Digital Services Act suggests that targeted online advertising and illegal content are the responsibility of the platform owner. Algorithm use should be more transparent, and researchers should also be given access to raw data to understand how online harms evolve. There is also a clause for an oversight structure, which would allow EU countries to essentially regulate regulation, reports Open Access Government. The basic idea behind the proposal is: what is illegal in the real world, should be illegal in the online world as well. The Act will regulate targeted adverts, for example, and it will oblige platforms to erase harmful and illegal content. The act will also apply to companies based outside of the EU if they provide services in the single market.
Action by Twitter
It was reported in July 2021 that Twitter Inc “actioned” 1,126,990 different accounts between July and December 2020 for infringing its hateful conduct policy, a 77% increase over the prior six-month period, reported Bloomberg. it had given a broader definition to its hate speech policy which included inciting fear or fearful stereotypes about people due to a protected category, like race. During the period, Twitter says it removed 3.8 million tweets.
A new study by New York University’s Center for Social Media and Politics found that warning Twitter users about potential adverse consequences of their use of hate speech can decrease their subsequent posting of hateful language for a week.
Hate speech discourse in India
Back home, the legislation for curbing hate speech online is severely lagging and so is the jurisprudence in this regard. While courts have so far refrained from giving hate speech a proper definition, the legislature has shown no real willingness to define the same. Neither have any definite measures been taken to combat the uncontrolled hate speech and abuse.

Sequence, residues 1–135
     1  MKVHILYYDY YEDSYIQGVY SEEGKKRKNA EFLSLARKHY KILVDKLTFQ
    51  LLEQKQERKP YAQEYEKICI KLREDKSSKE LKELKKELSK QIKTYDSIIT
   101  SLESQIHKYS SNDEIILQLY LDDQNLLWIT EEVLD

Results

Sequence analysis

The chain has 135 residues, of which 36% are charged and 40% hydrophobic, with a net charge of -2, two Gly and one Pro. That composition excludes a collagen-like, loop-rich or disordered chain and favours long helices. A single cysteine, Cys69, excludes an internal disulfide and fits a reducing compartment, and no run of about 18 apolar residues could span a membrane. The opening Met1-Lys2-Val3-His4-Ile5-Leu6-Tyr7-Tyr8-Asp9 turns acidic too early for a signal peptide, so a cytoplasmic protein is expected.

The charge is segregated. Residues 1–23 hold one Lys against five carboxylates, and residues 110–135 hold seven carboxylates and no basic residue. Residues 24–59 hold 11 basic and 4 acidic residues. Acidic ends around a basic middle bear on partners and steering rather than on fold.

The UN Special Rapporteur on Minority Issues Dr Fernand de Varennes took note of the vile anti Muslim ‘S**li Deals’ and ‘B**li Bai’ which were platforms used to ‘auction’ Muslim women online, as hate speech. The word first came to light when the Delhi police revealed that both Aumkareshwar Thakur (arrested from Indore in the S**li Deals case) and Niraj Bishnoi (arrested from Assam in the B**li Bai case) were members of TRAD groups online.
These TRADs are the ones running an elaborate social media campaign to popularise these apps. TRADs are Hate groups comprising people who identify as “Traditionalists” or “Trads”. The Hate content created and shared on such apps is also shared widely using other social media platforms such as Twitter where these “Trads” are often very active, busy trolling anyone who does not agree with their extreme right-wing supremacist views. Members of these hate groups claim to be preserving tradition by targeting those who speak up against it – people like outspoken Muslim women whose images, names and Twitter handles were used in both the auction apps.
Given factors such as easy access to the internet, hate for lower-castes, women and minorities, and frequent quoting of scripture, it can be surmised that membership predominantly comprises educated people hailing from so-called “upper” castes.